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Phil. 158a
Fall 2002
Prof. K. DeRose
M, W 11:30-12:45, WLH 113

Office hours, 12/4 thru 12/17
Wed., 12/4: 9-11 AM
Thur., 12/5: 1-2 PM
Mon., 12/9: 12-1 PM
Wed., 12/11: 10-11 AM
Tues., 12/17: 10:30-11:30 AM

Course Description: An examination of Descartes’s philosophy, with emphasis on primary sources.  Topics may include Descartes’s use of skepticism, his philosophy of mind, his arguments for the existence of God and for the real distinction between mind and body, his physics, and his theory of God’s omnipotence.

Books: The following books are required and should be available at Book Haven (290 York Street):

  • C I, II, III: Cottingham, Stoothoff, Murdoch, Kenny, ed., The Philosophical Writings of Descartes (Cambridge University Press), Vol. I, II, III.

Other readings will be made available on-line, distributed in class, or possibly be put in a course reader.

Written Work. Written requirements will consist of:

  • Short paper: 4-6 pages, typed, double-spaced, due Oct. 16 at the start of class.  Topics will be distributed during the second week of class.  [Paper topics, instructions]
  • Paper proposal (for the longer paper): 1-2 pages, typed, double-spaced, due Nov. 11 at the start of class.
  • Longer paper: 6-10 pages, typed, double-spaced, due Dec. 2 at the start of class.  [Paper topics, instructions]
  • Final examination: Wednesday, Dec. 18 at 2:00 PM. [Instructions, questions]

Topics for first papers..
Other course requirement: Attendance at lectures.

Grading. Grades will be based roughly on the following formula, though allowances will be made for insightful classroom and section participation and for marked improvement over the course of the semester: Shorter Paper: 25%; Proposal: 5%; Longer Paper: 40%; Final Exam: 30%. Lecture and section attendance are mandatory, and repeated unexcused absences are grounds for the lowering of one’s grade and, in severe cases, for failure.

Initial Readings:

  • Before the first meeting of the class, if possible, but otherwise before the second meeting, read the Chronological Table of Descartes’ Life and Works, CI, xi-xii.
  • After the first meeting of the class, students should read Descartes’s Meditations on First Philosophy, including the Dedicatory Letter, the Preface, and the Synopsis; CII, 3-62.  This should be read by the end of the second week of classes.
  • Also, before the second meeting of the class, read the following “eternal truths” passages:
    • 1.  To Mersenne, 15 April 1630, C III, 23.0 (“The mathematical truths…”) – 23.7 (“…as a finite being.”)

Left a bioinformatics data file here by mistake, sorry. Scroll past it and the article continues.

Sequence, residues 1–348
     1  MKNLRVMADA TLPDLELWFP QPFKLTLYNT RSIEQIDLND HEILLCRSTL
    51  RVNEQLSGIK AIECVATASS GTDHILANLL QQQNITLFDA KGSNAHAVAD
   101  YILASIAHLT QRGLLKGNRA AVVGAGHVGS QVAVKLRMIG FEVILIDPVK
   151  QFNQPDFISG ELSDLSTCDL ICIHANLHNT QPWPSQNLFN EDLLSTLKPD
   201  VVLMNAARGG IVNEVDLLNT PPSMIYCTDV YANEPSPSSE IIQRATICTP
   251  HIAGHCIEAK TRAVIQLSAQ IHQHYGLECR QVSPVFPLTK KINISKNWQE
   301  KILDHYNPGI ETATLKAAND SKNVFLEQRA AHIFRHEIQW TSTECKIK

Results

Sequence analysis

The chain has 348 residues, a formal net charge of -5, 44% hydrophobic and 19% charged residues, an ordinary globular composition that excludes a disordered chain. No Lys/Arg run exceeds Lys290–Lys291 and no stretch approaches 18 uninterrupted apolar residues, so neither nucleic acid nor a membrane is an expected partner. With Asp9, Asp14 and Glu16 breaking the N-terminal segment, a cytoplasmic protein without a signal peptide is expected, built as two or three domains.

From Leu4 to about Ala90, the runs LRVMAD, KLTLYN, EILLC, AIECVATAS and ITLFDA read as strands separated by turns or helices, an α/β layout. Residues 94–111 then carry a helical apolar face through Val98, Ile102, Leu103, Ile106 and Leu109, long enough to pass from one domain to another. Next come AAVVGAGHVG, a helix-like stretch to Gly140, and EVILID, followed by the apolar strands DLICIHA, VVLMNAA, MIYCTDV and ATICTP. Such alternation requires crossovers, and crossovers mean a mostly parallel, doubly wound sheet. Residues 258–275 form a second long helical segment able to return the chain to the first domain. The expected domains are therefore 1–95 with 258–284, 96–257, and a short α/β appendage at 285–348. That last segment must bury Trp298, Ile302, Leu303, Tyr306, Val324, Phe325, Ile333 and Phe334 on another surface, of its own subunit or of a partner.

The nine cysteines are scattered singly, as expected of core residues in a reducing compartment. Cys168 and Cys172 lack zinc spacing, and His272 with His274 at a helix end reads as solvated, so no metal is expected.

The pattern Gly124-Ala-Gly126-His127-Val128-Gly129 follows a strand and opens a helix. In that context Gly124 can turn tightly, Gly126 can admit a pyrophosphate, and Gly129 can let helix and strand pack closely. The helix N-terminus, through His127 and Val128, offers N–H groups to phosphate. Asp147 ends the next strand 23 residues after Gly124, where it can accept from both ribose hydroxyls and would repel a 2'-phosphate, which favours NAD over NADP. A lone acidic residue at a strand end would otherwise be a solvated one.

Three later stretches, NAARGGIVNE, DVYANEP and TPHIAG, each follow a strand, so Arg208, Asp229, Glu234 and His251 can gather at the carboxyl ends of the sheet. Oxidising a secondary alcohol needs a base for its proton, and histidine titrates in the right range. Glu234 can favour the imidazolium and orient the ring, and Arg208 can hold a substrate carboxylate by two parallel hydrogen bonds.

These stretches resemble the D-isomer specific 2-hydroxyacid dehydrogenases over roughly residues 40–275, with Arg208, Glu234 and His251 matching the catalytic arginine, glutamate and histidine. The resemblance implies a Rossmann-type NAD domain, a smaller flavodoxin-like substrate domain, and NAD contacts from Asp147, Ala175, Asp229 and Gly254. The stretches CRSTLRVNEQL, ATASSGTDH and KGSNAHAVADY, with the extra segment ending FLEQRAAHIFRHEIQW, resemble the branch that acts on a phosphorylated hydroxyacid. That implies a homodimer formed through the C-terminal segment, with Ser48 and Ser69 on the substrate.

• 2.  To Mersenne, 6 May 1630, C III, 24.7 (“As for the eternal truths…”) – 25.3 (“…on such lofty matters.”
    • 3.  To Mersenne, 27 May 1630, C III, 25.4 (“You ask me…”) – 26.0 (“…even conceptually.”)
    • 4.  To Mersenne, 27 May 1638, C III, 102.9 (“You ask whether…”) – 103.2 (“…once before.”)
    • 5.  Replies Five, C II, 261.2 (“You say…”) – 261.6 (“…enough for me that it is true.”)
    • 6.  Replies Six
      • a.  C II, 291.5 (“As for the freedom of the will…”) – 292.2 (“…of his omnipotence.”)
      • b.  C II, 293.4 (“The claim that real accidents…”) – 293.6 (“…be termed a substance.”)
      • c.  C II, 293.9 (“If anyone attends…”) – 294.8 (“…has ordained them from eternity.”)
    • 7.  To Hyperaspistes, August 1641, C III, 193.6 (“I say first…”) – 194.5 (“…article 8.”)
    • 8.  To Mesland, 2 May 1644, C III, 235.0 (“I turn to…”) – 235.7 (“…one and the same thing.”)
    • 9.  To Arnauld, 29 July 1648, C III, 358.7 (“The difficulty…”) – 359.2 (“…is body also.”)
    • 10.  To More, 5 February 1649, C III, 363.1 (“But you are quite ready…”) – 364.2 (“…actually takes place.”)

Readings on the Cartesian Circle:

  • Descartes, beyond the Meditations: Read the top paragraph of C II, p. 101 (the “atheist geometer” passage) and the bottom paragraph of C III, p. 147 (from Descartes’ 24 May 1640 letter to Regius).
  • James Van Cleve, Part One (pp. 55-74) of “Foundationalism, Epistemic Principles, and the Cartesian Circle,” Philosophical Review 88 (1979): 55-91.  [JSTOR link]
  • Keith DeRose, “Descartes, Epistemic Principles, Epistemic Circularity, and Scientia,” Pacific Philosophical Quarterly 73 (1992): pp. 220-238. .

Readings on the Eternal Truths:

  • Selection from Alvin Plantinga, Does God Have a Nature? (Marquette UP, 1980)
  • Earl Conee, “The Possibililty of Power Beyond Possibility,” Philosophical Perspectives 5 (1991): 447-473. [JSTOR link]

Jonathan Bennett, “Descartes’s Theory of Modality”: JSTOR link.

Keith DeRose
3 September 2002

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